"Barendse (2002) reported an association between marbling score and ETH10 alleles in Wagyu cattle. In brief, the 223 allele was associated with higher marbling scores relative to the 217 allele." (2)

So, if you are a British White breeder out there with some curiosity about the ETH10 allelic markers in your cattle -- have a look.  If in fact your British White has the allele 223 or greater, or different alleles altogether, please be sure and let me know!

Update 7/6/11:  There are in fact family lines of British White cattle that have the 223 size allele at marker ETH10, and those lines include offspring of the full English bull, Woodbastwick Randolph Turpin.

So what is the conclusion here?  That is perhaps a puzzle if I've not succeeded in a clear presentation of the basic premise and results of these studies, and how the DNA data in these studies provides very positive correlation and support to the British White breed's comparable characteristics as to birth weights, carcass yield and quality, and growth rates to that of other desirable  bos taurus beef cattle breeds - such as Angus.  While we cannot fund our own DNA studies, we certainly can make use of studies of other bos taurus breeds originating in the United Kingdom in gaining better understanding of the genetics of the British White breed. 

It is a remarkable thing that we can pull some tail hair or send a straw of semen to a lab and get back 16 identified DNA markers of that animal along with confirmation of their parentage.  Even more interesting is just what can be found beyond parentage confirmation in the details of those specific 16 DNA markers. 
UPDATES 7/9/11: 

(1) The Simmental breed in Poland underwent microsatellite study in 2006, and it is interesting to note on page 4, Table 1 of that study that the ETH10  genotypes were of low diversity, with genotypes 217 and 219 accounting for 92% of all animals studied.  The genotype 217 accounted for 74% of the animals studied; 219 for 18%; 221 for 1.6%; 223 for 3.8% -- along with the 'small' genotye 215 accounting for 1.6%.

(2) The Blanco Orejinegro (BON) Columbian cattle breed has been the subject of DNA microsatellite marker study.  This 2009 study demonstrates that the BON breed  is predominantly the 'large' ETH10 genotypes.  It is interesting to note that none of those ETH10 genotypes are the same as those found in the Red Angus, Brangus, Simmental, or British White.  They are:  218 at 33.8%; 220 at 20.3%; 222 at 25.4%; 224 @11.8%; 226 at 3.3%; and the 'small' alleles of 216 at 3.3% and 214 at 1.6%.  (See March 2011 Blanco Orejinegro blog post for information about this interesting white cattle breed.)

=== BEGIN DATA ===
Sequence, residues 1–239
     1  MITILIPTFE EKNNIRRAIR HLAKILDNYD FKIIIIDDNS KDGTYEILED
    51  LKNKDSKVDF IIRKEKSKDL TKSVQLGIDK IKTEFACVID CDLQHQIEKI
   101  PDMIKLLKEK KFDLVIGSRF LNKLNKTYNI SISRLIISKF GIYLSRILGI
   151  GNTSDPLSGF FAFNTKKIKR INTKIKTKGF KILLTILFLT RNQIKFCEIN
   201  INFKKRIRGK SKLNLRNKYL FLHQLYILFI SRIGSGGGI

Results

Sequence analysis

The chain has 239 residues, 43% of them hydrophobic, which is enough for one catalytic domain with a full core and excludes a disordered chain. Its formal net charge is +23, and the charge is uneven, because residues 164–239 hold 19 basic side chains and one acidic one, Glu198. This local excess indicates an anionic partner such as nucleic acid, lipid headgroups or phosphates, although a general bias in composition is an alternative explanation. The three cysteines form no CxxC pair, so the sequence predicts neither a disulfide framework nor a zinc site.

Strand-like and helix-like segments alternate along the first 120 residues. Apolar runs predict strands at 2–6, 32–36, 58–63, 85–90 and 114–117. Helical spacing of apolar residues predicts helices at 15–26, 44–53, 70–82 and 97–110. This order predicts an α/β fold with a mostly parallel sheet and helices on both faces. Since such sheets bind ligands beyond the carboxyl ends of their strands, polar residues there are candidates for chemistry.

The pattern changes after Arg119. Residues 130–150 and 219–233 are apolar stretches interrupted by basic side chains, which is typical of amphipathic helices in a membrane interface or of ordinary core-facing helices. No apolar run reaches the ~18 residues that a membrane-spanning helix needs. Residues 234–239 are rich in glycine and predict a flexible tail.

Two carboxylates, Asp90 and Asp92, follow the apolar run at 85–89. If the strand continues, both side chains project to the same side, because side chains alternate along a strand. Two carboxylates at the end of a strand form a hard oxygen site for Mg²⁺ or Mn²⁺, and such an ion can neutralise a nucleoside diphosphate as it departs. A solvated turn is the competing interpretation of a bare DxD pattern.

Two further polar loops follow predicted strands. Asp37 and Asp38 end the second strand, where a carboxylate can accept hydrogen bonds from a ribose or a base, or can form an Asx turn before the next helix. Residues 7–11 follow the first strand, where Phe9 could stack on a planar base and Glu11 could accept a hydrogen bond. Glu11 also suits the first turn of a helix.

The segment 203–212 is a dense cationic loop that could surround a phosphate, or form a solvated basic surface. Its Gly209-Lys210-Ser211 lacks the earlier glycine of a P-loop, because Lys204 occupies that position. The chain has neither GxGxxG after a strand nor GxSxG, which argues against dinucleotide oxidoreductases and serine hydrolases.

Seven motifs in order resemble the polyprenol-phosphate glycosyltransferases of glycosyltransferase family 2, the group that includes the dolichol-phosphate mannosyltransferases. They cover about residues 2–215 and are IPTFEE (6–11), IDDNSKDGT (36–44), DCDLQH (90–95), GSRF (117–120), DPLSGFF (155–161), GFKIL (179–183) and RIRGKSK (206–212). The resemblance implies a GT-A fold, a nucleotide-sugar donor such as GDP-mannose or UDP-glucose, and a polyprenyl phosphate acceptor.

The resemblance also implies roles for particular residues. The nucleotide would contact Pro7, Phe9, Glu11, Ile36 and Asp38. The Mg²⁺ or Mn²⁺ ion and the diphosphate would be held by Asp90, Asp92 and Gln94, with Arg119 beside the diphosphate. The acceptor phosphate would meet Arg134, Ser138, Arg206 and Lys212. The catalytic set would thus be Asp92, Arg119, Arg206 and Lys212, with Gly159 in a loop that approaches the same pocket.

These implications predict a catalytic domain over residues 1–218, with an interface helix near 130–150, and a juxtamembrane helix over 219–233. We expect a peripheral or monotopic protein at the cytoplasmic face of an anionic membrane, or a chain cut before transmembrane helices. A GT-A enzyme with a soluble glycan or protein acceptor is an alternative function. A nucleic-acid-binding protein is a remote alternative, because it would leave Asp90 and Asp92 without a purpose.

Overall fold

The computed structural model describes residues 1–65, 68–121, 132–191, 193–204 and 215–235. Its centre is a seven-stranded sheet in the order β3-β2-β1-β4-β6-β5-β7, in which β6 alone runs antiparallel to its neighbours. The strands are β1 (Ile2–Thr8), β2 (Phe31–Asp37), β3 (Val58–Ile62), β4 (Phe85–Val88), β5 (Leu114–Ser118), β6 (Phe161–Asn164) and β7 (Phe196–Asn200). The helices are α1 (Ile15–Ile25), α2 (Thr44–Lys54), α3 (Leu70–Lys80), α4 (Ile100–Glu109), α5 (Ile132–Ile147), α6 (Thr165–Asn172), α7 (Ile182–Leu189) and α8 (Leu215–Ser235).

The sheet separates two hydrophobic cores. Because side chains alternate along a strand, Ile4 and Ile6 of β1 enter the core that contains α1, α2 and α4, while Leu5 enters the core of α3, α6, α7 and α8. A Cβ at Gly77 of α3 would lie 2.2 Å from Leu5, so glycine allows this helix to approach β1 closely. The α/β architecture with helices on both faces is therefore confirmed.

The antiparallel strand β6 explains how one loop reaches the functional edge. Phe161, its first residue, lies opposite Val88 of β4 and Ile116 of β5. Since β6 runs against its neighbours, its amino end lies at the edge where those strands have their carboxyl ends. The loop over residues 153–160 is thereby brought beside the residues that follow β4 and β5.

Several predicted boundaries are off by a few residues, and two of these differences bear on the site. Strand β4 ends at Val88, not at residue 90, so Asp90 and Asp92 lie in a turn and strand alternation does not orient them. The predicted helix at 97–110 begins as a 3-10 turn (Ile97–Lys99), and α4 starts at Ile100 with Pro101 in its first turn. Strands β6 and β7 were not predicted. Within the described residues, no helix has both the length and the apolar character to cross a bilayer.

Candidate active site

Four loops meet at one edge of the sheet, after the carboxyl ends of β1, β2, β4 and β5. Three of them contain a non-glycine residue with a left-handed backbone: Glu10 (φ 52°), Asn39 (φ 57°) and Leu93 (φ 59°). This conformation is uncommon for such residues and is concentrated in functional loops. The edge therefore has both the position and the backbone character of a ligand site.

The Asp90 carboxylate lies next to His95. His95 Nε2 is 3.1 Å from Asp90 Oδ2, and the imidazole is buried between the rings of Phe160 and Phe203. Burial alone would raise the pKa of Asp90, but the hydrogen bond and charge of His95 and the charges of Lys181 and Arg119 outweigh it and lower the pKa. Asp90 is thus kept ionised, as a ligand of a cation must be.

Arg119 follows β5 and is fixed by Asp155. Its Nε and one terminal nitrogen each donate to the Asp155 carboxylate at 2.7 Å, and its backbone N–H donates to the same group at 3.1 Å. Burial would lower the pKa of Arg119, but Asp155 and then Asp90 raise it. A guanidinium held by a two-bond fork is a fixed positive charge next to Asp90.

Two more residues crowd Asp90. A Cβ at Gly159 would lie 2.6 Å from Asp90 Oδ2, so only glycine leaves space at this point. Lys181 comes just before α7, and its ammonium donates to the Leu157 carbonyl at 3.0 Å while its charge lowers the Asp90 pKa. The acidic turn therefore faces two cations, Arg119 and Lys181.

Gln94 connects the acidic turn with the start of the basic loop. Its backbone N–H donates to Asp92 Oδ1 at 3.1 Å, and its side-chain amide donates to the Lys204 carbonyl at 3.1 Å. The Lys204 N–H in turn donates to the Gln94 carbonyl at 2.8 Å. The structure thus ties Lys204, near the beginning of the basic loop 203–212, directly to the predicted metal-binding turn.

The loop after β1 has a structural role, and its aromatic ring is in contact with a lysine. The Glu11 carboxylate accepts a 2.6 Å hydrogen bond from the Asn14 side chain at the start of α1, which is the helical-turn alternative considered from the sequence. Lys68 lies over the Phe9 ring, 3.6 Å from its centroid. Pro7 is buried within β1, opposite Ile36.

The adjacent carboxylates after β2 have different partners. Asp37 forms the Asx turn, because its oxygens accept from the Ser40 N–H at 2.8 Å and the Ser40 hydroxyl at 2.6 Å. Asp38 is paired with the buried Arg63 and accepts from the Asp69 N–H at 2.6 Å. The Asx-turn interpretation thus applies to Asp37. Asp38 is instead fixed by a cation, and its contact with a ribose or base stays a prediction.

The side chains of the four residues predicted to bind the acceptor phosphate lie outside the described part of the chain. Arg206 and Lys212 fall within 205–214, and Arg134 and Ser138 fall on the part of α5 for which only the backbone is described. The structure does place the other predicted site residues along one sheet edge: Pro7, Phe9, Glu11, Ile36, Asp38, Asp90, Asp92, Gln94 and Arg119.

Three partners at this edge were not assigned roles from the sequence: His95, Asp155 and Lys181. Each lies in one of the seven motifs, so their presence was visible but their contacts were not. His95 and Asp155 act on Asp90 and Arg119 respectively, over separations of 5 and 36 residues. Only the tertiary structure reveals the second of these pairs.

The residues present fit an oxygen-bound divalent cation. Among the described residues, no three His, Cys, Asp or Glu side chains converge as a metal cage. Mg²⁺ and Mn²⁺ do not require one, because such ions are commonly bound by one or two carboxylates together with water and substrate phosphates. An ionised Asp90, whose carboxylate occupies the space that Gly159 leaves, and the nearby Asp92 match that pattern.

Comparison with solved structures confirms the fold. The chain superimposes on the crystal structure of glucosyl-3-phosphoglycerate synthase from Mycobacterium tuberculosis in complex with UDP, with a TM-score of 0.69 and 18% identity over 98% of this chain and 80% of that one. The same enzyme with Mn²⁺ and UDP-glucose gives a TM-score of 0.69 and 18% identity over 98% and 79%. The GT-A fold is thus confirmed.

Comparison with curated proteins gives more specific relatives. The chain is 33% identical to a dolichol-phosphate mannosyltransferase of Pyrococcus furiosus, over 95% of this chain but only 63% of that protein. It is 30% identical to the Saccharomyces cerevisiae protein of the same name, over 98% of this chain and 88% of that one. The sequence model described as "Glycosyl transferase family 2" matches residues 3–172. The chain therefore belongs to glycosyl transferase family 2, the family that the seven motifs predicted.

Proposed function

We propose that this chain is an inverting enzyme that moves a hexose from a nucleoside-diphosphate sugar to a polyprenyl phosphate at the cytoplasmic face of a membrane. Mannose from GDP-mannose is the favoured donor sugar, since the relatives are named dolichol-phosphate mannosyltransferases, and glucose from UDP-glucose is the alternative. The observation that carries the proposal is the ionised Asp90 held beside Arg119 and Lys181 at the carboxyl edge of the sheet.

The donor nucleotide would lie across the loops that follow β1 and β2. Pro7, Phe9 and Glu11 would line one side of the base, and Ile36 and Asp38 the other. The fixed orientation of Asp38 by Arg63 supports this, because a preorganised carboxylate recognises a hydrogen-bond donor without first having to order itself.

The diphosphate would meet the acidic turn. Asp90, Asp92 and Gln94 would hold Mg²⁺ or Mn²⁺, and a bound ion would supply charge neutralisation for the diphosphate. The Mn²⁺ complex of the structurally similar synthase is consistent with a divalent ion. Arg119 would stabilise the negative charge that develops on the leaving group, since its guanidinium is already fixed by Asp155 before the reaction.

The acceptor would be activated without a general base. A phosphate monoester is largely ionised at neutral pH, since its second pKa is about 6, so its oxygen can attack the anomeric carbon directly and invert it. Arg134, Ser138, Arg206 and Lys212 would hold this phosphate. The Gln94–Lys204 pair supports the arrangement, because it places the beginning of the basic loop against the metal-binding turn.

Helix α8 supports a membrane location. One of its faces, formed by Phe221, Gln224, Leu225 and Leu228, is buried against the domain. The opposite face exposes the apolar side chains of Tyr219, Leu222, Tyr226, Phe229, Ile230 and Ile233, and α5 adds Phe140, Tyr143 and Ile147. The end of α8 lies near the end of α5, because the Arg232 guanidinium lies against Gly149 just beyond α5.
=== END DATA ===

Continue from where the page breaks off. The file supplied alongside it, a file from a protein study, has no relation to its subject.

(3) The bos indicus Nellore breed of Brazil, which has many characteristics similar to the bos indicus Brahman breed, has been the subject of DNA microsatellite marker study.  This 2006 study identified the ETH10 genotypes found in the Nellore breed, and they are largely of the 'small' type - including 49.6% with marker 209 and 34.5% with 207.  The Brangus study had a more significant frequency of 'small' type ETH10 markers, including marker 209 at 10%.

(4) Icelandic cattle were examined for microsatellite markers in 2008.  "The Icelandic cattle breed is the only cattle breed in Iceland and has been, more or less, isolated for over 1000 years; therefore it is considered a closed population."  This 2008 study (See Table 6, Page 25) identified the ETH10 genotype frequencies in Icelandic cattle.  The 'large' alleles measured were 217 at 6.6% of the population; 219 at 61.5%;  223 at 14.3%.  The 'small' alleles were 214 at 5.5% of the population, and 215 at 9.3%.

(5) Piedmontese, Maremmana, and Podolica were examined for microsatellite markers in 2003.  See 'Genetic Diversity between Piedmontese, Maremmana, and Podolica Cattle Breeds' .  The allele frequencies are charted in Table 1 .
(6) Fleckvieh, Charolais, and Simmental were examined in a 2010 study of cattle in the Czech Republic.  Utilization of a 17 Microsatellites Set For Bovine Traceability in Czech Cattle Populations .
(7) Bulgarian Grey Cattle were examined in a 2005 study.  Genetic Diversity in Bulgarian Grey Cattle As Revealed By Microsatellite Markers.

Original Studies Reviewed:
(1) MICROSATELLITE ETH10 IN THE PROMOTER OF SIGNAL TRANSDUCER AND ACTIVATOR OF TRANSCRIPTION-6 GENE PREDICTS 205-d WEIGHT IN RED ANGUS CATTLE, 2009

(2) ASSOCIATION OF MICROSATELLITE ETH10 GENOTYPES WITH GROWTH AND CARCASS TRAIT LEVELS IN BRANGUS CATTLE, 2008


De Beauvoir's Huckleberry Finn on the Left with Gerald Fry,
This full English bull is possibly the ETH10 Genotype 217/221 or Homozygous 221/221,
but that's just a guess from looking at his offspring's DNA types.